A protest outside of Comcast’s headquarters building in Philadelphia Monday asked the cable giant to do more to provide Internet access to low-income residents in that city, ahead of the start of the school year.
According to Philadelphia Metro, demands include for Comcast to open up residential hotspots in order to expand Wi-Fi access, while also providing faster speeds for low-income households and provide those participating in virtual schooling this fall with free Internet service.
Protesters, joined by Philadelphia City Council member Helen Gym, delivered a stack of petitions to Comcast, outside the Comcast Center.
In late March, shortly after the coronavirus shutdowns began, Comcast announced a series of initiatives. It announced that it was offering two months of free Internet for its Internet Essentials customers - an offer since extended - while also announcing that its Xfinity Wi-Fi hotspots, available outdoors and at businesses, would be made available for free, even for non-Comcast customers. That has since been extended through the end of 2020.
Comcast did not make available the Wi-Fi from customers’ home routers, the signal of which is meant to be for home users and their guests. Some activists have suggested that the company should do that, in order to make signals stronger. Three U.S. senators wrote a letter back in early May suggesting a similar move, but Comcast has long said that they would not ever take that step.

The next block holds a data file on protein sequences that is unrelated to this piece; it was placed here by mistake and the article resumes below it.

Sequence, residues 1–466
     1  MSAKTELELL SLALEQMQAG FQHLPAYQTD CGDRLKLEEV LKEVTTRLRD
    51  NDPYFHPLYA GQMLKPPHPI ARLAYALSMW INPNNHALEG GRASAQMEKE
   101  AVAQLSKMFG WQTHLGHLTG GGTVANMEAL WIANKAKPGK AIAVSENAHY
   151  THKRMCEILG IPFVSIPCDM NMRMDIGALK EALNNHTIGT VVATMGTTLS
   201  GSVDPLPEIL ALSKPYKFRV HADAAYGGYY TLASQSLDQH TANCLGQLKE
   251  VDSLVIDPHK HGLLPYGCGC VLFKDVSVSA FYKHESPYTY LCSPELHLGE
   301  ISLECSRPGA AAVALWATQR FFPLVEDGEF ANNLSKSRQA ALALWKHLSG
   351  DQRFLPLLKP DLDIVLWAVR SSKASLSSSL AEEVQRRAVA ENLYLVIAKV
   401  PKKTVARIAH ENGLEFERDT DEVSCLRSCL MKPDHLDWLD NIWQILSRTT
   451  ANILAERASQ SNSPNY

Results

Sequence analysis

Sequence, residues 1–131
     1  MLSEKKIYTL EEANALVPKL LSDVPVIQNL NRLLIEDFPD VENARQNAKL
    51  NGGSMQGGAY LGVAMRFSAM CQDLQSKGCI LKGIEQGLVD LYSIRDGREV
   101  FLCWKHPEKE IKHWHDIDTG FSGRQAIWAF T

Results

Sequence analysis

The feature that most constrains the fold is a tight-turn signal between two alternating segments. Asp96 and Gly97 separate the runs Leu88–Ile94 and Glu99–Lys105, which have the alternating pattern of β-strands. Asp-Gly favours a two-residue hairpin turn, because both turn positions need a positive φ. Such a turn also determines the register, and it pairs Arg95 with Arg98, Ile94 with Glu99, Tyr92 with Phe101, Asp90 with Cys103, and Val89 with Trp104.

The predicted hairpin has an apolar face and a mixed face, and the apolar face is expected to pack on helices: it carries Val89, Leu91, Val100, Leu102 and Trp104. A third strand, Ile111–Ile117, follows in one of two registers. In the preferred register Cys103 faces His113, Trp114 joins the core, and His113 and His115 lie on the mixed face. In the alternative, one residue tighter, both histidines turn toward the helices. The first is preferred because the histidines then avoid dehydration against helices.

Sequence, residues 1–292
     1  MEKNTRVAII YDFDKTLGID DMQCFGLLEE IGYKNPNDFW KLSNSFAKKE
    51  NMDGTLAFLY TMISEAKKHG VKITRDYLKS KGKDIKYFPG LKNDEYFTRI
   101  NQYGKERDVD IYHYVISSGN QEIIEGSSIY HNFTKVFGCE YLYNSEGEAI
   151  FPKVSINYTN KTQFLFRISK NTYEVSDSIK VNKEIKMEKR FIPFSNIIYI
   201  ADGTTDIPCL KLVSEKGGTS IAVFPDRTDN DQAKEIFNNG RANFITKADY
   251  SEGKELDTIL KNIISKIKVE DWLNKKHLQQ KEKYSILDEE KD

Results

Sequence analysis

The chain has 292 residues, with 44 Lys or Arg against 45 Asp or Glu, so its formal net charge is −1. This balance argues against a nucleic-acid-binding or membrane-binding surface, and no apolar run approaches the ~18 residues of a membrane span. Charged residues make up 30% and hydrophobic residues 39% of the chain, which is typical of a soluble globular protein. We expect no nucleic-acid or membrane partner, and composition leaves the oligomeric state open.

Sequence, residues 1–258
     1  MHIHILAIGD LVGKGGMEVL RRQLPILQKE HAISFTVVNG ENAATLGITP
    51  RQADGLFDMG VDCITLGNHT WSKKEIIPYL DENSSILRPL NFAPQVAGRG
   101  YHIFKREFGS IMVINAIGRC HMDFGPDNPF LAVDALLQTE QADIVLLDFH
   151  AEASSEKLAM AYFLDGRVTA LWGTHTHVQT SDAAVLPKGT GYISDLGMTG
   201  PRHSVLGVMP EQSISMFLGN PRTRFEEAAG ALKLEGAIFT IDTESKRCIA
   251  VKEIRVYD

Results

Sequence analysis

In a controversy this past April, the Philadelphia School District published a guidance online as to how students who did not have Wi-Fi service at home could connect in order to do their schoolwork, with Comcast’s Internet Essentials and other programs from other tech companies listed. One suggestion on the list was “parking lot,” which would have entailed sitting in the parking lot near a school in order to use that Wi-Fi. The District later removed that item once it became controversial.
The Philadelphia public schools will be conducted entirely over the Internet, at least at the start of the school year, public officials announced last month. The earliest that any in-person classes could be held in mid-November.
“We’re going to solve that problem,” Philadelphia Schools Superintendent William Hite said last about the Internet gap, per The Notebook. “All of our children who need internet access will have it.”
Stephen Silver, a technology writer for The National Interest, is a journalist, essayist and film critic, who is also a contributor to Philly Voice, Philadelphia Weekly, the Jewish Telegraphic Agency, Living Life Fearless, Backstage magazine, Broad Street Review and Splice Today. The co-founder of the Philadelphia Film Critics Circle, Stephen lives in suburban Philadelphia with his wife and two sons. Follow him on Twitter at @StephenSilver.